Anti-touting legislation is unconstitutional, says reseller Viagogo

Tánaiste is promoting Bill that will ban the resale of tickets for more than face value

Viagogo’s website displays all prices at which tickets for an event are available, from the lowest to the highest. Photograph: C Flanigan/Getty

Anti-ticket-touting legislation backed by Government is unconstitutional as it attacks property rights, according to multinational reseller Viagogo.

Tánaiste Leo Varadkar is promoting a Bill that will ban the resale of tickets to gigs, sports or other events for more than their face value if the Oireachtas passes it into law.

However, Viagogo, a Swiss-based multinational that runs a website allowing people to resell tickets at whatever price they wish, argues that the legislation breaches basic property rights guaranteed by the Constitution.

The company has submitted a legal opinion, written by senior counsel Michael Howard and barrister Patrick Fitzgerald, to politicians scrutinising the Bill. The lawyers argue that the proposed ban attacks contractual rights guaranteed by articles 40.3.2 and 43 of the Constitution.


The Sale of Tickets (Cultural, Entertainment, Recreational and Sporting Events) Bill 2020 aims to prevent individuals and organisations buying large numbers of tickets once they go on sale to resell them later at inflated prices.

Black market

Frankie Mulqueen, Viagogo's Irish-based global head of government affairs, pointed out on Thursday that if the Bill were to become law, reselling would simply shift to the black market.

He argued that the Bill, based on a four-year-old consultation paper, is now out of date, and fails to take changes such as the rising influence of dynamic pricing into account.

He noted that tickets for major events in the Republic are now sold at “20 or 30” different price points as the organisers release them for sale.

Mr Mulqueen added that his company supported efforts to halt wholesale automated ticket purchasing, which causes the problem that the Government is trying to tackle.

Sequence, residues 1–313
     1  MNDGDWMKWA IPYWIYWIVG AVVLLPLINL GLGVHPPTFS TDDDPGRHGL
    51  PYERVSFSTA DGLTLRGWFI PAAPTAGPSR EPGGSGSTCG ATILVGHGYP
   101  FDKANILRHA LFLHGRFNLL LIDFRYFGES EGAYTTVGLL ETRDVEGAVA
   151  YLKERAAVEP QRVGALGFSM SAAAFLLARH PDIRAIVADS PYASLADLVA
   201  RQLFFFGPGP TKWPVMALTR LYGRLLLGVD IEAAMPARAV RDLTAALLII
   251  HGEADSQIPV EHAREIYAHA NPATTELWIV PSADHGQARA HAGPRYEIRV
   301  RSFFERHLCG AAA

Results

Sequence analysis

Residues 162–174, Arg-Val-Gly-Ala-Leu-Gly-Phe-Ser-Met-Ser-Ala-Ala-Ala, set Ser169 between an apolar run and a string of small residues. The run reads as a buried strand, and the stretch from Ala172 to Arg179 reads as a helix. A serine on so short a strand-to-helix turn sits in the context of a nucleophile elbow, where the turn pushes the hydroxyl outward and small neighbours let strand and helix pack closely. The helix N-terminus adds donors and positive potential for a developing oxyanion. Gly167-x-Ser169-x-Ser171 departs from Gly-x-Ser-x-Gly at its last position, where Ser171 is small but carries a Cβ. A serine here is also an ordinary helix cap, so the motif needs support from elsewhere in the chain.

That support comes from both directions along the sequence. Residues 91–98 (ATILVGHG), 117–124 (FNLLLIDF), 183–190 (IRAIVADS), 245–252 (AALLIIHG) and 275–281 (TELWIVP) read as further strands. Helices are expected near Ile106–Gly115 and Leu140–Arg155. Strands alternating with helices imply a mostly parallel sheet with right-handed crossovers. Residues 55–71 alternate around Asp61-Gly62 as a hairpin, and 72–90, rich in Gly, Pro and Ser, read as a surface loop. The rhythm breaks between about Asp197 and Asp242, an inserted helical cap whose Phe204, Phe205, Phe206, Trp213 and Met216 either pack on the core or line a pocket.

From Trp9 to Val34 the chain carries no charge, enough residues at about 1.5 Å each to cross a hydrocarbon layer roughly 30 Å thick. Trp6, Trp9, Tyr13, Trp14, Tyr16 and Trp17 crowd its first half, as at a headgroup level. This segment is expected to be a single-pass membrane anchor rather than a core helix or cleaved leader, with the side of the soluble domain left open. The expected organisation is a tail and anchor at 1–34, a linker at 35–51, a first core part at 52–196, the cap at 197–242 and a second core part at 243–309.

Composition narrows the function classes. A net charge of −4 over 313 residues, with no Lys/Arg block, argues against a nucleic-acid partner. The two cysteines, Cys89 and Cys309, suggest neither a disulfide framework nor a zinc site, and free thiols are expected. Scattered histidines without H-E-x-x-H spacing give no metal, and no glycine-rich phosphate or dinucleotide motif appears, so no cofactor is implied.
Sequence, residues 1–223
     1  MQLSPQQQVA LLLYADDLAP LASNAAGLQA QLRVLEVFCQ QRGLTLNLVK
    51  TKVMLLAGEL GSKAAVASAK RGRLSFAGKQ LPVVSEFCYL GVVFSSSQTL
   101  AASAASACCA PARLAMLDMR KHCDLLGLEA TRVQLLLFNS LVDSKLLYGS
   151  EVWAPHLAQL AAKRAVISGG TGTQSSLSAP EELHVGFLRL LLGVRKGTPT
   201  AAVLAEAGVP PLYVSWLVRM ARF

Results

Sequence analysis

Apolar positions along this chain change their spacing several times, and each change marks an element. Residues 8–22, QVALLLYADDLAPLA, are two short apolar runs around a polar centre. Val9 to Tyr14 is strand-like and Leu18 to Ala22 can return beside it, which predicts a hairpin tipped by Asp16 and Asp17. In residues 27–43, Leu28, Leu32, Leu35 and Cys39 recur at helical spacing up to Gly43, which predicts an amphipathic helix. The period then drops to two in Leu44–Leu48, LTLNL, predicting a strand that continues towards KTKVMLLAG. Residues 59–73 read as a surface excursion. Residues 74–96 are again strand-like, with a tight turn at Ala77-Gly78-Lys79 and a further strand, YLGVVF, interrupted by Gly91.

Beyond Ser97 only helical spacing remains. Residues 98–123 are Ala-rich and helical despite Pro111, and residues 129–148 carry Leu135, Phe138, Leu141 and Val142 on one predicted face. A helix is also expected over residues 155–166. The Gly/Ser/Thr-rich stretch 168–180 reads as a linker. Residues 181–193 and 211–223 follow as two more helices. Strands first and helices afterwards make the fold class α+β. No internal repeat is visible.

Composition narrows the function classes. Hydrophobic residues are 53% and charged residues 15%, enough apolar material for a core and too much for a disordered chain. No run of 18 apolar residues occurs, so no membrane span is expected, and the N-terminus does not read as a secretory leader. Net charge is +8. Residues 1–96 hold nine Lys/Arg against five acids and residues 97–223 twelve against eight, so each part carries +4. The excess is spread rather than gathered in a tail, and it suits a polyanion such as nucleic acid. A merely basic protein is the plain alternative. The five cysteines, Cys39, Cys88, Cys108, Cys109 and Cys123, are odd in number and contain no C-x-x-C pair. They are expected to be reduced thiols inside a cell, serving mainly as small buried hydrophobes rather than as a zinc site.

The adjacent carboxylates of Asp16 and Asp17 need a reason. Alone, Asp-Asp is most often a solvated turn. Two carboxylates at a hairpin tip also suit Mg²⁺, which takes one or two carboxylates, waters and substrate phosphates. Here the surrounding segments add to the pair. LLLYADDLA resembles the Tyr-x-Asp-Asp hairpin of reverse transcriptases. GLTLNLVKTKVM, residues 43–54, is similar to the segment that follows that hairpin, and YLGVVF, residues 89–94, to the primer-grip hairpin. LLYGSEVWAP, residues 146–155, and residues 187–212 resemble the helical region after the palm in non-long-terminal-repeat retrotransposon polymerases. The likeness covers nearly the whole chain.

“Our day-to-day business is buying and selling tickets that people can’t use,” he explained.

The company’s systems validate the tickets, and Viagogo says it will refund buyers if there is a problem getting into the event.

Commission charges

Its website displays all prices at which tickets for an event are available, from the lowest to the highest. The company makes money by charging sellers and buyers a commission.

“We make it clear that it is a secondary marketplace,” Mr Mulqueen said. “We try to provide as much information as possible to consumers so they can make informed decisions.”

He also argued that someone who has bought a ticket owns it, has spent their money on it and should be allowed “do with it what you please”.

Mr Howard's and Mr Fitzgerald's legal opinion, submitted to the Oireachtas Joint Committee on Enterprise, Trade and Employment, says the proposed ban amounts to an unreasonable and irrational restriction of property rights.

*This article was updated as an earlier version stated Brian Fitzgerald was one of the authors of the legal opinion. This has been corrected. 

Barry O'Halloran

Barry O'Halloran

Barry O’Halloran covers energy, construction, insolvency, and gaming and betting, among other areas